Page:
It works well and is by far the most user friendly meter I’ve tested this year

Accuracy

Hedeco Lime One mounted on the test camera a dSLR Nikon D50
Hedeco Lime One mounted on the test camera a dSLR Nikon D50

I mounted this on my Nikon D50 with a AF-S Nikkor DX 18-55mm1:3.5-5.6G kit lens kept at around 35mm (about the same as a 50mm full frame). Metering was switched to centre-weighted. I shot from very low light to EV14 conditions (yeah I live in Scotland so EV16 at this time of the year ain’t happening).

I shot around 40 matched shots at ISO200 with a f/8 aperture fixed. Only 2 shots were more than 2 stops out. This is one

The D50 said 1/100 the Lime on said 1/20. Think the meter won that one

The centre-weighted meter of the camera over egged the lights near centre. The meter suggested a 2.5 stops longer exposure shich I felt was right. the other shot was similar

Discounting these 95% of the shots were within 1 stop and 85% within 0.5 stop (35% were identical). These are the best results I’ve had with any of the recently tested meters but I must stress I didn’t do any comparison directly.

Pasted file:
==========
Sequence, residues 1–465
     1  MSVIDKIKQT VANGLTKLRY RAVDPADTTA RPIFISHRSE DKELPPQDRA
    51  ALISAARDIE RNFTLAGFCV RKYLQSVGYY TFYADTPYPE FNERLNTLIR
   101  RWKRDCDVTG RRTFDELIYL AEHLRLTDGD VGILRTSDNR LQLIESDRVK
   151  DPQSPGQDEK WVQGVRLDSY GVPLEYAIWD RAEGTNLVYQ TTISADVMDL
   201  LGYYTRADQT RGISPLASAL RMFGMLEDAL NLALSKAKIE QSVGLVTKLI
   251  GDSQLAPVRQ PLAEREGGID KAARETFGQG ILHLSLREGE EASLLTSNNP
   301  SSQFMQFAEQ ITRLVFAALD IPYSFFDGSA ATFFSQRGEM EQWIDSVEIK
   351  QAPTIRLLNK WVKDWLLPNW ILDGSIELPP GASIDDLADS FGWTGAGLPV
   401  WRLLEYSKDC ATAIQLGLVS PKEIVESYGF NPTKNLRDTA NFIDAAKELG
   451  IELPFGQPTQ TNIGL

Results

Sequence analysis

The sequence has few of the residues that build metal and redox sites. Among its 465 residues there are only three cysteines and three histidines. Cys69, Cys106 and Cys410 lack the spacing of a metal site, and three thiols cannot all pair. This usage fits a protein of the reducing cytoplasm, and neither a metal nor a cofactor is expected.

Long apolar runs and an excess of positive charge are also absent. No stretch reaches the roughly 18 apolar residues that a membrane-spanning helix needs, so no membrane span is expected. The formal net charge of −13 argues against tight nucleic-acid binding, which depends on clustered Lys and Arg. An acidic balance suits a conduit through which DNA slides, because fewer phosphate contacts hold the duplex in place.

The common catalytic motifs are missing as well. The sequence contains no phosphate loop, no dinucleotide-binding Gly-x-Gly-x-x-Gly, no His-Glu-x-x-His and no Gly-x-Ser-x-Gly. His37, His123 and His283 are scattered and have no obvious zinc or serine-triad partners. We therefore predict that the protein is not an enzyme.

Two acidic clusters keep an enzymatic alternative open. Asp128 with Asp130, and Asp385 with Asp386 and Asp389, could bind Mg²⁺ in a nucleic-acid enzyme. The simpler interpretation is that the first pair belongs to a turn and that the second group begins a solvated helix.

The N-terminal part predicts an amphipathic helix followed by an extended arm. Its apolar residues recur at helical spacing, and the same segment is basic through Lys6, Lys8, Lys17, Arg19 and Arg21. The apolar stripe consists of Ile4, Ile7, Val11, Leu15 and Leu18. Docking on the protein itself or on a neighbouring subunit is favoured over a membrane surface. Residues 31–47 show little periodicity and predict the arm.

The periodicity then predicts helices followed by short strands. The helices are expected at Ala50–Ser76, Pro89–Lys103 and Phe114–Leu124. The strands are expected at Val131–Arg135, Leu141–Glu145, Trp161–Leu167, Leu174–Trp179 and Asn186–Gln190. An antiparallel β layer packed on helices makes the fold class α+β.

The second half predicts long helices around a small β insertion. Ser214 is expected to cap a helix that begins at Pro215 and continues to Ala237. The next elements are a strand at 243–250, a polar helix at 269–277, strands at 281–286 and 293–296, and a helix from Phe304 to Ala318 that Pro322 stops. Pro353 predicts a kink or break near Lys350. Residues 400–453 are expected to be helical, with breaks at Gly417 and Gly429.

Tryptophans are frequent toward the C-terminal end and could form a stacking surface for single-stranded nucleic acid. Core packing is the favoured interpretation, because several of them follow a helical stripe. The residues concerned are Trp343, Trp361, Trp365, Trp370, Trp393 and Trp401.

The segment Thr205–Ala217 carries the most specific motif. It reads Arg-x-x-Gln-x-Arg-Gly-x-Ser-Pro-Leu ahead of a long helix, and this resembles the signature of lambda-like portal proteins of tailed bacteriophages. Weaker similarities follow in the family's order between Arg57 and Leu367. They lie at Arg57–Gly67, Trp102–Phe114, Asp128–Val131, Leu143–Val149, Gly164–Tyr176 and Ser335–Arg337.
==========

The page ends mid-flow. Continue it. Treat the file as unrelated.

The meter and the centreweighted camera fell for the usually issues of stronger backlighting as you can see in this shot where the matched shutter speeds exactly. A stop or 2 more would have brought out the foreground as both are being overly influenced by the sky

Suspension bridge
Both meter and Nikon shot this a 1/200 f/8 @ 200ISO

Or even more tellingly here (again both matched shutter speeds)

dog in window
Outside perfectly exposed at 1/15 f/8 @ 200ISO but dog is underexposed

That said this is an issue with all area meters. this was no worse than it;s rivals and matched the dSLR’s hobbled performance

Final thoughts on the Hedeco Lime One

Of the 3 meters I’ve tested Hedeco Lime One is the most polished. And that’s despite being a pre-production copy. It also is the most user friendly of the bunch.

It’s only major flaw is the OLED does struggle a bit in bright light. Not as badly as the V-201X but certainly the Reveni steals the point here. I also personally prefer the Reveni’s rear eye level LCD but that is a personal taste.

That aside this really raises the bar stylistically and in build

All of these meters have their strengths and weaknesses and I guess what one would suit you is down to preferences. You have the cheap V-201X type meters for those of you whom can live with the weak screen in exchange for a lot less cash. The Reveni has the brightest screen that sits eye level and is tichy. But it has fiddly controls and gives static reading. This is the most polished but the top down display won’t be for all.

But the Hedeco is lovely bit of kit.

Hedeco Lime One on  Leica IIIc
Hedeco Lime One on Leica IIIc